In response to bosoxmal's comment:
Some of you guys go nuts over the numbers. Use your eyes. Ross is more likely to get on base vs a lefty than against a right hander. I don't care what the numbers say. Yes, he will hit a mistake out of sight now and then, but a decent right hander will tease him to death with outside corner sliders, then put on 3 inches outside, and he's gone.
Newsflash: numbers actually do reflect what is done on the field. They are not some abstract concoction. I mmeantioned when we got Ross, that he was slightly better vs RHPs than LHPs. Just because that is a rarity, does not make if false.
"Use your eyes"? Have you been using yours or someone elses?
vs RHPs 22 PAs/ on base 9 times (.409 OBP)
vs LHPs 28 PAs/ on base 7 tines (.250 OBP)
His history tells the same story, although not to this degree:
2012: vs RHPs: .333/ vs LHPs .307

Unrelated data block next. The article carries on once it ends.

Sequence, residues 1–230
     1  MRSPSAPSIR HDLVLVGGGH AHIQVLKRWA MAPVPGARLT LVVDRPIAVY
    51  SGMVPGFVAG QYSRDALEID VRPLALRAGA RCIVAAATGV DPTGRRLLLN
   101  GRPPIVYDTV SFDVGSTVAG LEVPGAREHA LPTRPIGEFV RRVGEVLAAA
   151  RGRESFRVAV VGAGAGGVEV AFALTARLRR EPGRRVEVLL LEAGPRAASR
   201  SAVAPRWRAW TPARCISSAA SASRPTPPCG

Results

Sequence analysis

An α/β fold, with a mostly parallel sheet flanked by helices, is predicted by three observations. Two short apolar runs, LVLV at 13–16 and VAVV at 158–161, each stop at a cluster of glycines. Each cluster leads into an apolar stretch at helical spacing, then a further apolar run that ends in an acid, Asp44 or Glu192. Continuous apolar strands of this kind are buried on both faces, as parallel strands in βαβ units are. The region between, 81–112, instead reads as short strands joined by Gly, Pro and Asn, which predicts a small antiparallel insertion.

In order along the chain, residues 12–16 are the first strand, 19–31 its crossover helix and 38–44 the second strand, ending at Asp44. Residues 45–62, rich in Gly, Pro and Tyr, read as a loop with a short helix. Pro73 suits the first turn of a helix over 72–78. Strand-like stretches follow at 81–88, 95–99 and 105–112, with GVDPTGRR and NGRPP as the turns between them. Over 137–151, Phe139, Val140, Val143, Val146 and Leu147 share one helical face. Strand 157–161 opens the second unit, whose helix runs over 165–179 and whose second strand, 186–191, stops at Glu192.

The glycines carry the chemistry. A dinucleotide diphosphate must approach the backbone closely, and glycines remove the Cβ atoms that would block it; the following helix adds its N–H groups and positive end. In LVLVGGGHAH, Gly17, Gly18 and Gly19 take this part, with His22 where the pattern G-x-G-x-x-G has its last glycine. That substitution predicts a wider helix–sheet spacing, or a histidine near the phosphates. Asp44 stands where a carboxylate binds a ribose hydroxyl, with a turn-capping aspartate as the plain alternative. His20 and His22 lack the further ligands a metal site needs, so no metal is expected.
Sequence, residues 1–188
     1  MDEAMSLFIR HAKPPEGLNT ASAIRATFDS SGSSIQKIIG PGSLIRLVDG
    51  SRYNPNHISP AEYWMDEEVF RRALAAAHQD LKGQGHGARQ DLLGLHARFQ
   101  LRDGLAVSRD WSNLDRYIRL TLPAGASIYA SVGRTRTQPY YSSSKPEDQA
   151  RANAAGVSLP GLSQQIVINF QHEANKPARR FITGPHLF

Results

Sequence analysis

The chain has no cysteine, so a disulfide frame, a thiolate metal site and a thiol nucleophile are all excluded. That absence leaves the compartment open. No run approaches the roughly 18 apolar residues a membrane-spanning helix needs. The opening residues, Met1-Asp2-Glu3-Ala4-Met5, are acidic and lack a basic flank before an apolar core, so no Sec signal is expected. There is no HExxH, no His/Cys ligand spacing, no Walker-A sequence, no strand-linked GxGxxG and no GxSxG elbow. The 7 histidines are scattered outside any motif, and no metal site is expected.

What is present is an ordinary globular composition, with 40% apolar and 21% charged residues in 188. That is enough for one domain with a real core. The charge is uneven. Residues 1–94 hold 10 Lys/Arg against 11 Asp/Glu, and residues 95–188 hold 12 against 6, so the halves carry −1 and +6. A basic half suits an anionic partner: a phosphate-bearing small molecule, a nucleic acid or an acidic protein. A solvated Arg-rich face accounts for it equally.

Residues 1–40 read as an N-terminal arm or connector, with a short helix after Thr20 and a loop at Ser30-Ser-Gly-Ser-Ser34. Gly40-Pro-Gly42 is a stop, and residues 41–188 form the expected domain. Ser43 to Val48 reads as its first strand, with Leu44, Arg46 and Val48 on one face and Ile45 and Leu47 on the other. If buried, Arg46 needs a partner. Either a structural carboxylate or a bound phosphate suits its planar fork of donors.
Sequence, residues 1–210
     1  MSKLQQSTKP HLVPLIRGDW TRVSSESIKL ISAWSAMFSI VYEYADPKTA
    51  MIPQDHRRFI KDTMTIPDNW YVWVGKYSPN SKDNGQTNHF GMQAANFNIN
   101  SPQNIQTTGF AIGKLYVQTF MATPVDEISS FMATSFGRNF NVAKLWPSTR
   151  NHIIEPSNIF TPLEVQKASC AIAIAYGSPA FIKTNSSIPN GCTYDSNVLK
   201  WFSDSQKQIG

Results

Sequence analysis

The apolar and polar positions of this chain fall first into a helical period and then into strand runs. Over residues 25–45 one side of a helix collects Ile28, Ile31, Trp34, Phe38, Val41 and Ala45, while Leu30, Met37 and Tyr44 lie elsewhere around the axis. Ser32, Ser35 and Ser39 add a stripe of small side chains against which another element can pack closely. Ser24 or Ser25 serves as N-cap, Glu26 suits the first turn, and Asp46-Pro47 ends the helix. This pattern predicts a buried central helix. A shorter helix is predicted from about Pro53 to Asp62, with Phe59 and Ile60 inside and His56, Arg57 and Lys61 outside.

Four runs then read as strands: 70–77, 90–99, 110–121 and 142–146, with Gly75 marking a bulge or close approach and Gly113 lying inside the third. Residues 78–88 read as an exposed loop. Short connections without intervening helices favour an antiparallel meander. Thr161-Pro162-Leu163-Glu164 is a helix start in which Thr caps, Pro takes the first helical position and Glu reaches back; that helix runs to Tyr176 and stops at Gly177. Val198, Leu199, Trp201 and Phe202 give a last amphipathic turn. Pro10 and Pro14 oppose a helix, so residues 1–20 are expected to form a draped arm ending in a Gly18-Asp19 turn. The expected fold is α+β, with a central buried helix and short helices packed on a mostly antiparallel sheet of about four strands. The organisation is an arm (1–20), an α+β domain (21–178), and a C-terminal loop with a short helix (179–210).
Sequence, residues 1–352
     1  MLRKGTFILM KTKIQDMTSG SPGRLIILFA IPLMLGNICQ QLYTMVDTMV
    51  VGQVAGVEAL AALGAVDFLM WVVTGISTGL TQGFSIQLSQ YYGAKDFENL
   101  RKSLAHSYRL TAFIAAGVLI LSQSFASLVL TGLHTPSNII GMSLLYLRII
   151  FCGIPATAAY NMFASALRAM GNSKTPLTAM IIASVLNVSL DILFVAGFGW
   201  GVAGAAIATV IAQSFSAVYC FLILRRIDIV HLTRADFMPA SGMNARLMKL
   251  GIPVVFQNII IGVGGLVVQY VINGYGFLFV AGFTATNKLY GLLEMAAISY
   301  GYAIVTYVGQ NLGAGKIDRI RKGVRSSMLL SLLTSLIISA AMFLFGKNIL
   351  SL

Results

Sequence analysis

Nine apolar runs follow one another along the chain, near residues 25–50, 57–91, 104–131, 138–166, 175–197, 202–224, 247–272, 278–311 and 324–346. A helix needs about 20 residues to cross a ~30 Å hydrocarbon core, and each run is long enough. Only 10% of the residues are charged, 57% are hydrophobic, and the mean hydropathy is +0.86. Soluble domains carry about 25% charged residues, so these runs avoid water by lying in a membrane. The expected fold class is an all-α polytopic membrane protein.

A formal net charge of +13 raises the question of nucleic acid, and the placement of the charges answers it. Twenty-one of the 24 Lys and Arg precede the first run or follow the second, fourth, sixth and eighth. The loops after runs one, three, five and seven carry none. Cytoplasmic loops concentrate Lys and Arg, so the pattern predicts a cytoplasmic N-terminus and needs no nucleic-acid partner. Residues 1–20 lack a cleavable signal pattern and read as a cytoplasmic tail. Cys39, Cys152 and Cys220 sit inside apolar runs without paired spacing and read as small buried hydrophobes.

2011: .333/.333 (better BA vs RHPs)
This is the 6th straight year Ross has gotten on base more vs RHPs than LHPs. What will it take to convince you that he is that rare player that defies the tradition?
At the beginning of his career, he was the traditional hitter. He got on base much better vs lefties, but I'd say a 5+ year trend is a legitimate sample size, and my eyes have told me, this guy doies better vs RHPs.
The only reason he is playing mostly vs LHPs is that Salty's split differential is even wider than David's.
Salty's career splits:
vs RHPs: .323/.460/.783 (One of the best hitsting catchers vs RHPs in MLB)
vs LHPs: .256/.331/.587 (One of MLB's worst hitting catchers vs LHPs)
Open your eyes and actually watch the games. Did you miss the 9 times Ross got on base vs RHPs in just 22 PAs, or were taking a snack break to the kitchen?